Volvo Ocean Race- Small differences and luck make Telefonica's lead
by Richard Gladwell on 16 Mar 2012
Icker Martinez, skipper of the current Volvo Ocean Race leader, Telefonica believes their commanding lead in the 39000nm Round the World race is due to a combination of small things rather than a major point of dominance.
Telefonica has the narrowest of leads as the fleet launch off the startline in today’s Pro-Am race in Auckland © Richard Gladwell www.photosport.co.nz
'We are where we are because we were lucky,' he told the Volvo Ocean Race final skippers media conference today. 'Or maybe we are lucky where some others are unlucky.'
'On the first leg, Puma were fighting very hard with us, then they had a problem, so it is more easy for us to win the leg.'
'On the second leg, we had things change for us 20 minutes before the finish line,' he said referring to their narrow two minute win over Camper, snatched just before the finish.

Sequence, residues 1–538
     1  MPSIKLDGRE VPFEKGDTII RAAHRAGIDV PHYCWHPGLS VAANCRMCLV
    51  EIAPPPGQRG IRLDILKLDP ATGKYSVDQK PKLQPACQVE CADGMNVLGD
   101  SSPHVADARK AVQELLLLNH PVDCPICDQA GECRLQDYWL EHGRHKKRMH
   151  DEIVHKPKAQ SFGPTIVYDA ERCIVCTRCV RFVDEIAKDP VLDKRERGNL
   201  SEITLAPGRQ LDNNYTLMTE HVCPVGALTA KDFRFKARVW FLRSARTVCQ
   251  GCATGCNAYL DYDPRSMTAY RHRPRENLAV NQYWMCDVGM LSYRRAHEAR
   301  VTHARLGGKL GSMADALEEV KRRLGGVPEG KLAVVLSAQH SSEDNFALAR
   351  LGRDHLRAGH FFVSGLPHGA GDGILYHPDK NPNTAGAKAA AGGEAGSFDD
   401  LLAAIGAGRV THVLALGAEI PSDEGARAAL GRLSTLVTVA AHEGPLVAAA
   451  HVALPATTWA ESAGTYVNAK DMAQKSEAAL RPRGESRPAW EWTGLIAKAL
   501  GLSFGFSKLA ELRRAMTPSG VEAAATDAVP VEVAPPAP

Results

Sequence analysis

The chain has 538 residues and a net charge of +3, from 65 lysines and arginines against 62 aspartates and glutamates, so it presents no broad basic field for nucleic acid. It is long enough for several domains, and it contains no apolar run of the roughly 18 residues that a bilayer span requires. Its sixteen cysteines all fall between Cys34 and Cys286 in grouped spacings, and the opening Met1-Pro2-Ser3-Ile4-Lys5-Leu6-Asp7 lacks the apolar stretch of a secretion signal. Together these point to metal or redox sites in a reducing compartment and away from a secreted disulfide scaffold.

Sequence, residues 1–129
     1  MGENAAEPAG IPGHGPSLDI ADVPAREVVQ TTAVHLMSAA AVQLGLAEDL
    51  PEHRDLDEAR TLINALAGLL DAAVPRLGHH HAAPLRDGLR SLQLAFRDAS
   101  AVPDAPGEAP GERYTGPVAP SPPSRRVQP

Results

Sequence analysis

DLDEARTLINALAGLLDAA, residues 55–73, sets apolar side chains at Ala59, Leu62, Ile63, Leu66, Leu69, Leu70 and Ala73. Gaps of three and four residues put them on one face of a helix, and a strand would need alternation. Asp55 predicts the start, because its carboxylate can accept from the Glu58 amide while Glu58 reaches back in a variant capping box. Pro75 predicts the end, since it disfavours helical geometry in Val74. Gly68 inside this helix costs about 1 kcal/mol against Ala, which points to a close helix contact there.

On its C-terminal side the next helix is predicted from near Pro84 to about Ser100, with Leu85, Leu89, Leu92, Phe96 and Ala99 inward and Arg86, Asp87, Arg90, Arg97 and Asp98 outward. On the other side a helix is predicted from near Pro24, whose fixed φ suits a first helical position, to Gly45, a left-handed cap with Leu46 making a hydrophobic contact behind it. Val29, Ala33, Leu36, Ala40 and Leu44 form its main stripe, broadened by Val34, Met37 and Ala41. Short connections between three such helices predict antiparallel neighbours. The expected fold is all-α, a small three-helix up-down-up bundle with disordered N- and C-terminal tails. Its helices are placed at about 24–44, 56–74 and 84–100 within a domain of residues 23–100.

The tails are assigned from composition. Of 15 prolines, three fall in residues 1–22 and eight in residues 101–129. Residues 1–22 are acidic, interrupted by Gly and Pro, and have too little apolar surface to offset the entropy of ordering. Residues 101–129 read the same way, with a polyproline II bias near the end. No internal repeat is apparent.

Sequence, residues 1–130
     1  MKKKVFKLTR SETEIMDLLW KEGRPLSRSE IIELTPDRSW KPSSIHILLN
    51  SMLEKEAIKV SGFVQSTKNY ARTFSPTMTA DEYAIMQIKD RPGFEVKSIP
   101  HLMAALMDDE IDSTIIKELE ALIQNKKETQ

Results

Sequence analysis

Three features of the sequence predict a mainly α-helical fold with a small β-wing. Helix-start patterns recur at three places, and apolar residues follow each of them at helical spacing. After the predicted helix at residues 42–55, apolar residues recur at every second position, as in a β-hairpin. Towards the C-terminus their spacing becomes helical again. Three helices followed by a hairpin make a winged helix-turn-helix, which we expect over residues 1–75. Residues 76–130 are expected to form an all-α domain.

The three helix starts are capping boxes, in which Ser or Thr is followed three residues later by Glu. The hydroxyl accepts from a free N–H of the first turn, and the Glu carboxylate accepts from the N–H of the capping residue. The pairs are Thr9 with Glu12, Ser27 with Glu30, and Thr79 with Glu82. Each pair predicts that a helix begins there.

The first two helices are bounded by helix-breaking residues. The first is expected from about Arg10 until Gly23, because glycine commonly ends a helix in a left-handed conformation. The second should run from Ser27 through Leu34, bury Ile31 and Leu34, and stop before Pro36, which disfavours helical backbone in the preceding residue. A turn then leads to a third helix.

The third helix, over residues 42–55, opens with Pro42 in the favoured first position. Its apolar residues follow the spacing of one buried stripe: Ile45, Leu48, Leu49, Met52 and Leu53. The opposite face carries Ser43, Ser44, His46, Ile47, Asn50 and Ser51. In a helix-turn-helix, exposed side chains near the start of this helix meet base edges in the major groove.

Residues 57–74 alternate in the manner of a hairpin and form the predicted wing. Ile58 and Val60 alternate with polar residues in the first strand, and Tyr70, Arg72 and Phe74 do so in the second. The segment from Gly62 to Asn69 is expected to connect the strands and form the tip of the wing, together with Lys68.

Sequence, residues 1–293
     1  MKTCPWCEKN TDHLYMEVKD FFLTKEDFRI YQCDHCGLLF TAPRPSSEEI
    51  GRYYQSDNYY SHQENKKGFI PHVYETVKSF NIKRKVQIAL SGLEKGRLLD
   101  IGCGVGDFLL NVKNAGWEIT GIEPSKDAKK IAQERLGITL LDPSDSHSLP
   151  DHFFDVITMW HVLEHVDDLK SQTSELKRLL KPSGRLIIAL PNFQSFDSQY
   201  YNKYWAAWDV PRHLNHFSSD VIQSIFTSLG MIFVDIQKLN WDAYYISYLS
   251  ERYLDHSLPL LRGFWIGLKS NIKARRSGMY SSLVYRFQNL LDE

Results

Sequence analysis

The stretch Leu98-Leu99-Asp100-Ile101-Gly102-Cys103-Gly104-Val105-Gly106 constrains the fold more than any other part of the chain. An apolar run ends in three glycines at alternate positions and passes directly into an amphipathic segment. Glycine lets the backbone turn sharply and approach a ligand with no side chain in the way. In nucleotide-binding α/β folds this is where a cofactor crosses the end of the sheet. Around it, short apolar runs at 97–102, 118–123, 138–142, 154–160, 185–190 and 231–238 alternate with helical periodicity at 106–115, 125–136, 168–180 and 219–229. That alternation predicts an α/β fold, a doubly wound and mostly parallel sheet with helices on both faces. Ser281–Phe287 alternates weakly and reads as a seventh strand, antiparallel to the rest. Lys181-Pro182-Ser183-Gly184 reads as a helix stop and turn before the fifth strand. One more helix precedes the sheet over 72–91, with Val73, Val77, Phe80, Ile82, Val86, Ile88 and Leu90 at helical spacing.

'The third one was pretty much the same with all the boats in close racing. We were pushing hard and were right in the perfect moment.'
Martinez has won Olympic Gold and Silver medals and to is a double World Champion in the 49er class. Although this is not his first Round the World Race – he placed third in the 2008-09 edition of the Volvo Ocean race, and second in the 2010 Barcelona Round the World Race, sailing with his 49er crew, Xabi Fernandez in the two-handed event.
So far they have won three of the four ocean legs sailed, and placed third on the water into Auckland, beating local favorite, Camper by 93 seconds after 5300nm of sailing.
'We are doing things well, and I think we are lucky. It was also a question of preparation at the beginning of the race. If you have good preparation, then you have an advantage.
'But we also have the feeling now that everyone is improving a lot. And for sure they will be closer to us. But it is just little things, and we have to keep doing things well, because it can all change so very fast.
'I think you all think that the differences are much bigger than the sailors really think it is,' he added.
'The whole situation could change on one leg. The differences are so small, and our lead is less than the points we are fighting for on one leg.
'We are not doing things much different. It is just the little details.'
The fifth leg, and only leg through the Southern Ocean gets underway on Sunday from Auckland
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